Dostum and the CIA and torture are also linked in with any real digging on the story. How do you investigate it without talking to the British survivors. The ones that got disappeared to GITMO before they could talk about it – the ones the CIA cooked up a story about being the unidentified men in a picture with Bin Laden and proffered that, with their “EIT” based “Confessions” a year later?

    • Rayne says:

      RE: your (3) – can’t rule out yet that Karzai knew exactly what he was dealing with, and opted for the “keep your enemies closer” approach.

      RE: your (6) – the Panetta situation this week makes it very clear that everybody in the administration is still learning a lot; their learning curve may be impacted by left-behinds who are not particularly forthcoming with info. I’m prepared to allow that Obama doesn’t know about Dostum’s history if he’s juggling all other domestic and foreign policy at the same time and running into crap the way Panetta did.

      It’s what he does now that he’s been put on notice about Dostum that’s important.

      • Mary says:

        I don’t think what happened with Panetta and a secret program has much to do with what Obama should have known about Dostum and the container killings. These killings were widely reported in press, Dostum has been chronicled over and over as a main player in Afghanistan and his baggage is all out in the open – right there for a google, much less a DoD, State or Intel briefer’s file. And there was huge, very public and very direct uproar from human rights organizations as Obama was going into office and after he got in about Dostum destroying the evidence, again all publically reported as well (special h/t to McClatchey).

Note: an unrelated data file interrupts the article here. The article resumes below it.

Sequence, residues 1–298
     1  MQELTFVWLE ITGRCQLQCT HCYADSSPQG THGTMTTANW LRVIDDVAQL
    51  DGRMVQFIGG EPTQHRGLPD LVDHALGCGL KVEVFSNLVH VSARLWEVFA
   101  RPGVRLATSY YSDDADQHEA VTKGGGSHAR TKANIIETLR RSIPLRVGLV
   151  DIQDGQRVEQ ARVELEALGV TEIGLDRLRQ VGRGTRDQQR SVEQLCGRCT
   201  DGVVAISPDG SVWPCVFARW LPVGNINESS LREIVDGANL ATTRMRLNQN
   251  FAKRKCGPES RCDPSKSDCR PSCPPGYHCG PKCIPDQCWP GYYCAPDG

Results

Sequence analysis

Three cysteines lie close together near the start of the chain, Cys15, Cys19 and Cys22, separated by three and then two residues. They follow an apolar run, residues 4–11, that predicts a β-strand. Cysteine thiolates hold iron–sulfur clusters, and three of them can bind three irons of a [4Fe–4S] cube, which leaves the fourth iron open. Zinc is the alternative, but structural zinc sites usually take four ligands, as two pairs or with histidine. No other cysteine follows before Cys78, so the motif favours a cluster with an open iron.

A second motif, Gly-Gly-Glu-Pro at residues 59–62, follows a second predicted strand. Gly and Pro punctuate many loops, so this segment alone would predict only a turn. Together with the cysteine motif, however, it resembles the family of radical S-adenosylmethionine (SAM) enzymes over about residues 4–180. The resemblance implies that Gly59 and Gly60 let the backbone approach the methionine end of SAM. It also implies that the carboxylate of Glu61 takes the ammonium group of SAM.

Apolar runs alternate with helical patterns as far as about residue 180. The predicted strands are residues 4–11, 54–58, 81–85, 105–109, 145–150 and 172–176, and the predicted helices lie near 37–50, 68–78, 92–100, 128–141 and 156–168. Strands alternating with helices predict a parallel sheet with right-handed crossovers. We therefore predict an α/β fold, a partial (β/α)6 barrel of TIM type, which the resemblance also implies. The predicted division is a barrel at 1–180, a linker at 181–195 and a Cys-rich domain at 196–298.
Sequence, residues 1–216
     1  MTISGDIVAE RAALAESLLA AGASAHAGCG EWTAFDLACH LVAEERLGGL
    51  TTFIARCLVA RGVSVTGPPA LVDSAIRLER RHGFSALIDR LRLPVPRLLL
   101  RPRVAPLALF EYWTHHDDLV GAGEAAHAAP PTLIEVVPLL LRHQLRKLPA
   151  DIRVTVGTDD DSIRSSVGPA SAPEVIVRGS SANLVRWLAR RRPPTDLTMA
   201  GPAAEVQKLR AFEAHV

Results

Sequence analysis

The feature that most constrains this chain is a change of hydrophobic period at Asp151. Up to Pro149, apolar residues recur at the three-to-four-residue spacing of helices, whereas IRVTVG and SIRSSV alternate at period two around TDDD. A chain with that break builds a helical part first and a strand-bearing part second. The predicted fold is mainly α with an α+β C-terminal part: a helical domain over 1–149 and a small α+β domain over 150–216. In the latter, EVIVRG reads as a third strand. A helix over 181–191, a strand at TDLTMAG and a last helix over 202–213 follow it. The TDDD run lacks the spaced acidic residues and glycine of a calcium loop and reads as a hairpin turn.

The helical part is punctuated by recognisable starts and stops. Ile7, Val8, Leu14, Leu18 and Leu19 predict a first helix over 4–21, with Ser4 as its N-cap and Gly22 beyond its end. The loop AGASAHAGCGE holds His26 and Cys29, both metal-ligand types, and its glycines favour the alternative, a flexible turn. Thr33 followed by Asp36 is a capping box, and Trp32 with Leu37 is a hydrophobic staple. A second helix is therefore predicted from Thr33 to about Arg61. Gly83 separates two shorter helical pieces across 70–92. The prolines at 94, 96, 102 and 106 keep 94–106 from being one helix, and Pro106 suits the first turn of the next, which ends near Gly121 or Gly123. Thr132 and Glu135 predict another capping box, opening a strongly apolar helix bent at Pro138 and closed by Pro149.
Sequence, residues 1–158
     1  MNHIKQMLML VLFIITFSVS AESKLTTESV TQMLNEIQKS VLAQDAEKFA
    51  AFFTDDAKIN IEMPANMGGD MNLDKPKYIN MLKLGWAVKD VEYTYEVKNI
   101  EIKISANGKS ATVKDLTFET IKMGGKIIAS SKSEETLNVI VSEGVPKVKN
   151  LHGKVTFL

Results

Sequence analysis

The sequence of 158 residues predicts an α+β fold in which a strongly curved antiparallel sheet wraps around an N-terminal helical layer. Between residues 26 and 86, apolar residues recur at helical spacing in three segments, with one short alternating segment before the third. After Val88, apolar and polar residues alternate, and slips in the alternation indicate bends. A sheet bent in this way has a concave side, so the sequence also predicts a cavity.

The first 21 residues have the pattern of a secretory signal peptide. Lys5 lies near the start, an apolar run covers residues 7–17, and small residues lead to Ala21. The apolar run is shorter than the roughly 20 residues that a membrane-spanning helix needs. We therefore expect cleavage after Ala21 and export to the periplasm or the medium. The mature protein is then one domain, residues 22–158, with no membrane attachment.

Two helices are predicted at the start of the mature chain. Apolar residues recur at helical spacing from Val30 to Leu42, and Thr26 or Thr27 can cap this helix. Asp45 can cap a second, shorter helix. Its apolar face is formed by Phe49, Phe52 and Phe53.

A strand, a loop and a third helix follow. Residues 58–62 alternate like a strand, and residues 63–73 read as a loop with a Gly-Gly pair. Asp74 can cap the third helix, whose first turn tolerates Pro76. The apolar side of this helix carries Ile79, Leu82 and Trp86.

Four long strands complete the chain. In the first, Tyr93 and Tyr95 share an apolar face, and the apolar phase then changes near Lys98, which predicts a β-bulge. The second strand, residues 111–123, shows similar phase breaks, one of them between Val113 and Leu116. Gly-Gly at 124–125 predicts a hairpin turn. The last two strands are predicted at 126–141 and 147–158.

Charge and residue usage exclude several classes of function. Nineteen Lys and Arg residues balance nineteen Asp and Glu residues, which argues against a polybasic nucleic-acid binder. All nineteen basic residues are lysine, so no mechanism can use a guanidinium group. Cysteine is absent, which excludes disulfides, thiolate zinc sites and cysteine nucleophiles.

It’s kind of like Obama standing up and saying “golly gee whiz, I never knew we killed any civilians when we dropped them there bombs on them there villages – gaw aw aw lee” It’s disingenous and that he would go that path, the “I didn’t know until NYT put it in the paper, cuz nobody I talk to knows as much as last week’s NYT” says a lot, in and of itself.

        Mostly that the political cost in Afganistan of keeping on the CIA’s container killer finally got high enough.

        • Rayne says:

          I didn’t say that there was any connection between the program Panetta killed in a panic and Dostum.

          What I said was that Panetta was apparently shocked/surprised by something.

          Why is it not possible for Obama to be similarly surprised about the situation regarding Dostum when he has one helluva lot more on his plate than Panetta has?

          We’re also expecting Obama to be farther ahead than we are on topics that we spend all our free time on — corruption with regard to national security and foreign policy — when we don’t spend anywhere near as much time on other issues like health care reform, the economy, swine flu, you name it, which he must address every day with the same level of alacrity and ability.

          And we’re also expecting him to have received info from staffers who may/may not be free of agenda when he’s focusing on these issues. If it’s getting filtered, what exactly is he seeing? I’m prepared to give him some breathing room. Maybe living with an executive (whose presentation due this week to the board has already been f*cked because of incomplete content from underlings) gives me a different perspective on this.